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Commentary: Challenges and Complexity in the Re-Construction of Hmong History by Kou Yang, Hmong Studies Journal, 10: 1-17.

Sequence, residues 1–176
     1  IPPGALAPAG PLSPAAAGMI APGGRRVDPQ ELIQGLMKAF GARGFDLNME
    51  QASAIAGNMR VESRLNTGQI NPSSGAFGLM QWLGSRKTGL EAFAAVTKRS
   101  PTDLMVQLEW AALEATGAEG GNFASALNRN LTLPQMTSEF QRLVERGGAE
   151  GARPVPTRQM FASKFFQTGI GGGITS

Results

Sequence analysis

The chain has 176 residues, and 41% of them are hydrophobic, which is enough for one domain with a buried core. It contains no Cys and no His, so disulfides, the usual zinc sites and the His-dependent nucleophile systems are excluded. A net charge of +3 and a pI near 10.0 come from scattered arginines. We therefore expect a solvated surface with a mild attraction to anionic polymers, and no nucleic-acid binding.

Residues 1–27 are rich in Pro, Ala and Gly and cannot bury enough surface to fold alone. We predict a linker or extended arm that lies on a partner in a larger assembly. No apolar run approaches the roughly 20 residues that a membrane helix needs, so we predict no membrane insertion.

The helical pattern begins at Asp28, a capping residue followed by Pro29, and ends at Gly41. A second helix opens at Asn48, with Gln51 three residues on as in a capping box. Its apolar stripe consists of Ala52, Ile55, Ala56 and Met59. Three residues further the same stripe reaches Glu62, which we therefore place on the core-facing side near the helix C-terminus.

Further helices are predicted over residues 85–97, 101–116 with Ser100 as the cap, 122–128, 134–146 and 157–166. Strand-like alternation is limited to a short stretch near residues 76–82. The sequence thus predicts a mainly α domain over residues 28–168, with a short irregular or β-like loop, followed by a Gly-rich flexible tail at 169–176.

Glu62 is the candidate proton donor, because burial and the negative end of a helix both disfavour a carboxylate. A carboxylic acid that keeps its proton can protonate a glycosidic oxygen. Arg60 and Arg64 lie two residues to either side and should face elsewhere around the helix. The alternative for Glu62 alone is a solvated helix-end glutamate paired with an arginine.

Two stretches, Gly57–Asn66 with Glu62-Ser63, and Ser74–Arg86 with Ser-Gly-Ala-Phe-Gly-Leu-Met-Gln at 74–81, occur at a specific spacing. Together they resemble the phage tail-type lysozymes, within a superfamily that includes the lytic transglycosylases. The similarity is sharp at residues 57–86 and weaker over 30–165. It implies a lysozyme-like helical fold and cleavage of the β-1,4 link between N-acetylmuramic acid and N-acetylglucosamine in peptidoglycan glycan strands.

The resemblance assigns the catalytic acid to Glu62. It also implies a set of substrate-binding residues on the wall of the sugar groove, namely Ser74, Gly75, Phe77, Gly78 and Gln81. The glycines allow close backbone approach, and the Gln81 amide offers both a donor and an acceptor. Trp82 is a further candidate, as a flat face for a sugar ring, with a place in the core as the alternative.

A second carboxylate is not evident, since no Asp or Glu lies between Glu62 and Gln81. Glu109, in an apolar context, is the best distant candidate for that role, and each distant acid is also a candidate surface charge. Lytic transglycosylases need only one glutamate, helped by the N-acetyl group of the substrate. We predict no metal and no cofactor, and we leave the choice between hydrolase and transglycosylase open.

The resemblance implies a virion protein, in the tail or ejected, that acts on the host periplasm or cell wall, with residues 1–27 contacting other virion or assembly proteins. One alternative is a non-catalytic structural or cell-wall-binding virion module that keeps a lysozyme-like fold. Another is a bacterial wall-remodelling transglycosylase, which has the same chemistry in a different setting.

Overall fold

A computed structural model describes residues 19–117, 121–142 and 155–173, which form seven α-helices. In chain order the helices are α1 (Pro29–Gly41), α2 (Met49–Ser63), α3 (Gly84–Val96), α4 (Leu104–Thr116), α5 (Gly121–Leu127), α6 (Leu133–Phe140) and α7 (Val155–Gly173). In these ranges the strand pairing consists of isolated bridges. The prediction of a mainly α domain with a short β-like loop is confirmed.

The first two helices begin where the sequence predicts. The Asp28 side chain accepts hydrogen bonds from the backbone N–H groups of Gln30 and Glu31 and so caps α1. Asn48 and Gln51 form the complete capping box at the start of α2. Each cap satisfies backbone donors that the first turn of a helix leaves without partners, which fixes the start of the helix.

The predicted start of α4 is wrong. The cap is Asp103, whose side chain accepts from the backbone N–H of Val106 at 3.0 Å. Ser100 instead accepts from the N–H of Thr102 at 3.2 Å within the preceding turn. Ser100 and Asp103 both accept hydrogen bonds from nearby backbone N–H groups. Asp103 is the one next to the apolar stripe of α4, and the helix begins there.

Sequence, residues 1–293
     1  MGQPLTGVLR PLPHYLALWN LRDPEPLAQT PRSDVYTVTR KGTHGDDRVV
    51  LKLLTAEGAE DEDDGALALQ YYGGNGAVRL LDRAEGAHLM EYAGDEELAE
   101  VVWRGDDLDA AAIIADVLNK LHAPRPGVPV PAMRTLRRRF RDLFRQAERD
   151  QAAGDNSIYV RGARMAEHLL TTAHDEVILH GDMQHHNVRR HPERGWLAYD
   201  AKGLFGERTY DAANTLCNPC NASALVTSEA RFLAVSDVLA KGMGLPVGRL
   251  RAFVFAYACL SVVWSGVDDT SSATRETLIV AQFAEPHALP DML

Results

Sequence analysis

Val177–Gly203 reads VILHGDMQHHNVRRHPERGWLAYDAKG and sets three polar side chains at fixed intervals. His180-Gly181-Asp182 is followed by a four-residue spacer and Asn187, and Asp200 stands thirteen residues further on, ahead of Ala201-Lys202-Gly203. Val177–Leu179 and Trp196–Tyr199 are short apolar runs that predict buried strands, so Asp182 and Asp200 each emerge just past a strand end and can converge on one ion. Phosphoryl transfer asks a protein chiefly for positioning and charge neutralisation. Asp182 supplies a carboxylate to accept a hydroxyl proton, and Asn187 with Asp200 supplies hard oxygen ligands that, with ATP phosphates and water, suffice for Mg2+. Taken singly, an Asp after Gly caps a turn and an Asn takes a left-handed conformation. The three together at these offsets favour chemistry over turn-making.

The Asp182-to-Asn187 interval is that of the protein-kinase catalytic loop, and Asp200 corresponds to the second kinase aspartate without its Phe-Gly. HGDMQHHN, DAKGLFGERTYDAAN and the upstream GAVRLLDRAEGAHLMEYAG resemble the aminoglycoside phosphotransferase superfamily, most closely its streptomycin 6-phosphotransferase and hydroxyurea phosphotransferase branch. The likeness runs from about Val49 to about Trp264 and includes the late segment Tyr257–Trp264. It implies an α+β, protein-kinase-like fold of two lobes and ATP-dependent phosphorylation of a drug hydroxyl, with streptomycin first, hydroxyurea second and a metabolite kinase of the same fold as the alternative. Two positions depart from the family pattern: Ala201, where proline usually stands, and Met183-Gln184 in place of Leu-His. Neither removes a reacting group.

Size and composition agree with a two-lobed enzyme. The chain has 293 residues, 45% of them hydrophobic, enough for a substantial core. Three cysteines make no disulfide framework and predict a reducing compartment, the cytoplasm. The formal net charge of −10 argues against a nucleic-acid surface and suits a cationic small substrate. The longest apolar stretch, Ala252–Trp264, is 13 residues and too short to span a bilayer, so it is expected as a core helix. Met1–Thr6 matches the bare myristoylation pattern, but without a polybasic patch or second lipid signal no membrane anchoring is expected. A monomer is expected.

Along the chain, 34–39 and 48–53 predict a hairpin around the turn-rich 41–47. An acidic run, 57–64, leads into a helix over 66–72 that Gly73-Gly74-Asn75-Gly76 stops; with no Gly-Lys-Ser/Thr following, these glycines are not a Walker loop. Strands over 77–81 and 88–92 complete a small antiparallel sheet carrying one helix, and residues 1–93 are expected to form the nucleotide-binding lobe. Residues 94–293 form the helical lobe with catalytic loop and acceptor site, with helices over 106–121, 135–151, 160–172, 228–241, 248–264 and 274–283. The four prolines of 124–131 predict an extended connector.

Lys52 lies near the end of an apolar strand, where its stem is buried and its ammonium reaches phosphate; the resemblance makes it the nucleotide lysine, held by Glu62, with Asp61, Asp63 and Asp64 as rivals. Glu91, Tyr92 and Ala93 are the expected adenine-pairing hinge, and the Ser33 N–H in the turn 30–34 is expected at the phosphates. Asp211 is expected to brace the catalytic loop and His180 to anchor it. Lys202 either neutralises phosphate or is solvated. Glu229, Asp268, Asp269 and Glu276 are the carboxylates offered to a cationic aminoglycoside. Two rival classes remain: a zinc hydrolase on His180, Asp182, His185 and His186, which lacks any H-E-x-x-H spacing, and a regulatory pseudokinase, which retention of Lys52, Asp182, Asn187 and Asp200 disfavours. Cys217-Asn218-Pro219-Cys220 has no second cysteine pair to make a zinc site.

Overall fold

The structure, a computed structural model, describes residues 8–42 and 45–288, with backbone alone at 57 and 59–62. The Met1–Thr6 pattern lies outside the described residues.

Commentary: Challenges and Complexity in the Re-Construction of Hmong History By Kou Yang California State University, Stanislaus Hmong Studies Journal, Volume 10, 17 pages ABSTRACT In the past 30 years various accounts of Hmong history have emerged from Hmong and non-Hmong scholars working in the United States, other Diaspora countries and Asia. This short commentary paper examines and addresses some of the questions that have arisen from the many versions of Hmong history in China being circulated among the Hmong of the United States. Introduction As a people of Diaspora and an ethnic minority, the Hmong have previously been an undocumented people. This has gradually changed during the last three decades, as Hmong Americans have undergone the transition from pre-literacy to literacy. The Hmong of other countries have experienced similar patterns, which have led to more publications of books and scholarly articles written by Hmong writers and scholars. Additionally, the change in China from a strict socialist system to a socialist-market economy has enabled many Hmong/Miao scholars to publish books and scholarly articles about their past experiences. Combining these developments with the frequent interaction between the Hmong/Miao in China and their cousins in the western countries has generated many versions of Hmong history. This short commentary paper examines and addresses some of the questions that have arisen from these many versions of Hmong history being circulated among the Hmong of the United States. Moreover, it only selects bits and pieces from what have been circulated. As such, it is from the perspective of historicism. Moreover, it does not intend to cover all questions relevant to Hmong history, but only bits and pieces of them.1